On Windows Insider builds of Windows 10, the death screen was changed to a green color, thus making it easier to identify an error as present in a preview build rather than a stable, release build of Windows 10.

"Recovery" screen

On Windows 8 and above, this screen appears if an extremely critical Boot-marked driver or file, such as the Boot Configuration Data file in \Boot\BCD, winload.exe, or several others, is corrupted or has a missing or incorrect digital signature. The screen is accompanied by the message

Your PC needs to be repaired

in Windows 8 and 8.1 and

Your PC/Device needs to be repaired

in Windows 10.

This screen recommends the user to go to their computer manufacturer.

There are also several more types of blue and black screens which are rare, often caused by hardware failure. These include the Machine Check Exception-caused BSOD, which is triggered when the CPU detects a hardware failure such as a parity check failure, usually indicating failing RAM. The Windows Hardware Error Architecture, or before Windows Vista the Machine Check Architecture, present in the Windows kernel then triggers an error with BSOD 0x124 if using WHEA (post-Vista) and 0x9C if using MCE (pre-Vista).

Other death screens

Kernel Panic

A kernel panic happens when an operating system is in an unsafe state and is forced to halt the system, this term is mostly used in UNIX and UNIX-like operating systems, the user usually has to do a manual restart, unless the operating system has an auto restart feature.

Linux Kernel Panic
UNIX and *nix Kernel Panic

This kernel panic happens when the operating system goes into an unsafe state and will tell the user to reboot. UNIX and other *nix operating systems (e.g. Linux) had a way of displaying the kernel panic, it mostly consists of locking up the GUI (If the OS had one, otherwise it halts the computer.) and spewing out log information, kernel panics have different logs depending on how it happened.

macOS Kernel Panic

When macOS was rewritten as a UNIX operating system, it had a kernel panic to show that the system has crashed.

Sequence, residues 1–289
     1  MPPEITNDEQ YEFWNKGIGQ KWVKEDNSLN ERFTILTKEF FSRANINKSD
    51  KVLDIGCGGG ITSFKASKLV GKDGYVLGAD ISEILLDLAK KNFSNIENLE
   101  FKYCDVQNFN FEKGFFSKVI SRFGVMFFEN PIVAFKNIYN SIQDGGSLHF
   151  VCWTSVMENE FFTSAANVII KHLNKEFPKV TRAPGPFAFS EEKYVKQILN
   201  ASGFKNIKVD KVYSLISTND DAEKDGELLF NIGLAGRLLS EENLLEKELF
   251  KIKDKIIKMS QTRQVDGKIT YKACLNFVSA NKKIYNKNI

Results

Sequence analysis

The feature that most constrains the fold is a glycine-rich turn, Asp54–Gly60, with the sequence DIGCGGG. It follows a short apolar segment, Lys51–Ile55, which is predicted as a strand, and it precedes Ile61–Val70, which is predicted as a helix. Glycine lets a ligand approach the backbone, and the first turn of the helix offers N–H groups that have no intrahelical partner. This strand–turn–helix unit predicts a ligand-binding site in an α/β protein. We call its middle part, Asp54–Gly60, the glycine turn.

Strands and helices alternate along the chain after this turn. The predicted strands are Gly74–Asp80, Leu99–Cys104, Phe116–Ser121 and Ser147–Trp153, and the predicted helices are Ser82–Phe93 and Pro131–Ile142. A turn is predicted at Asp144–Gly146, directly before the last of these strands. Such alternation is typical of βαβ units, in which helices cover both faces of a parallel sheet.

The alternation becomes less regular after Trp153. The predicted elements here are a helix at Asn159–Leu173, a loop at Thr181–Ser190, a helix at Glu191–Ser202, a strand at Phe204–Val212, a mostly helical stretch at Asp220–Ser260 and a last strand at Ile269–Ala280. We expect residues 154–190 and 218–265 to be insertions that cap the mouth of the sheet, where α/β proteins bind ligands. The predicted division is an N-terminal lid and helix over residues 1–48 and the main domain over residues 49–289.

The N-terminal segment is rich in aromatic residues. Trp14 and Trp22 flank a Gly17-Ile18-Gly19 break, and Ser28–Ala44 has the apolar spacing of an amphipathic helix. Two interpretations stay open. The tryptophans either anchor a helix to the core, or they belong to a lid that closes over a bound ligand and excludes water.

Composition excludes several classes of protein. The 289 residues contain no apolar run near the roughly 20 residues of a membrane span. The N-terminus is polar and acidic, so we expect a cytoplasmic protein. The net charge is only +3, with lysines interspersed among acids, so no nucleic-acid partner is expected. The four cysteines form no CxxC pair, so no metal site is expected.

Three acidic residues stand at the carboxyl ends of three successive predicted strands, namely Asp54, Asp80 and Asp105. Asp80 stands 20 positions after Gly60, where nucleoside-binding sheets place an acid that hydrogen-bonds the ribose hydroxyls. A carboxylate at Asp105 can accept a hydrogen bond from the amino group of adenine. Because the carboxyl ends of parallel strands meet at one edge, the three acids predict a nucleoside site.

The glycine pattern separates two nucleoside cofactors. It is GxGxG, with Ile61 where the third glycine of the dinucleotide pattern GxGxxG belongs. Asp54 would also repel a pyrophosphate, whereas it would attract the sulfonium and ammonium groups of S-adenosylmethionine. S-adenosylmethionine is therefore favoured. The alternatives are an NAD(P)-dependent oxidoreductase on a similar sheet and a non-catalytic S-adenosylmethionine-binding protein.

Before macOS 10.2, the operating system displayed the kernel panic the same way as other UNIX and *nix operating systems. This can also appear in iDevices, more commonly in jailbroken devices or iPhone 3rd generation.

iPhone 5S Blue Screen

Not much is known about this iOS Blue Screen, but it is presumed to be a kernel panic. It is unknown about how this is obtained on the phone, but it can be fixed with a manual restart.

Chrome OS Blue Screen

Chrome OS Blue Screen

It is found in Cr-48 developer mode by typing "xyzzy" into the boot manager. This was an intended "Easter Egg" and was a mock-up of the Windows NT 4.0 Blue Screen as it was incredibly similar in appearance except in a slightly lighter shade of blue, with random files not present in Chrome OS.

VMWare ESXi Crash Screen

VMWare ESXi Purple Diagnostics

VMWare ESXi is a type 1 hypervisor, therefore when encountering a problem it has to display it in some way, ESXi it displays the crash in the form of the purple diagnostics screen, it can happen usually when the hardware of the host machine encounters an error.

Sad iPod Death Screen

This appears if damage occurs to the hardware or firmware, such as deletion of system files. This death screen will not appear on newer generation iPods.

Red Ring of Death

This is not necessarily a death screen per se, but this appears on the Xbox 360 if it experiences a problem, most notably the "general hardware failure" problem.

Google Malware Screen

Google Malware Screen

On Google Chrome this death screen appears when the user visit a malicious site in which Google blocks them from entering the dangerous site due to malware being detected on said website.

File:380px-Xbox 360 Error codes.svg.png
Chart of the Red Ring of Death

Impersonation by Malware

File:W10 Fake BSOD.png
A fake Windows 10 Blue Screen of Death screen impersonated by scammers. Notice some bad grammar.

A dangerous version of the screen was created under a fake Microsoft Security Essentials installer made by Hicurdismos and appeared in October 2016. Whereas, this scam deceives users into believing that their computers crashed with the error and can call using the phone number to get the error fixed. Calling through the fraudulent phone provided on this screen would risk into losing credit card and/or other damages. <ref>Hicurdismos scam</ref>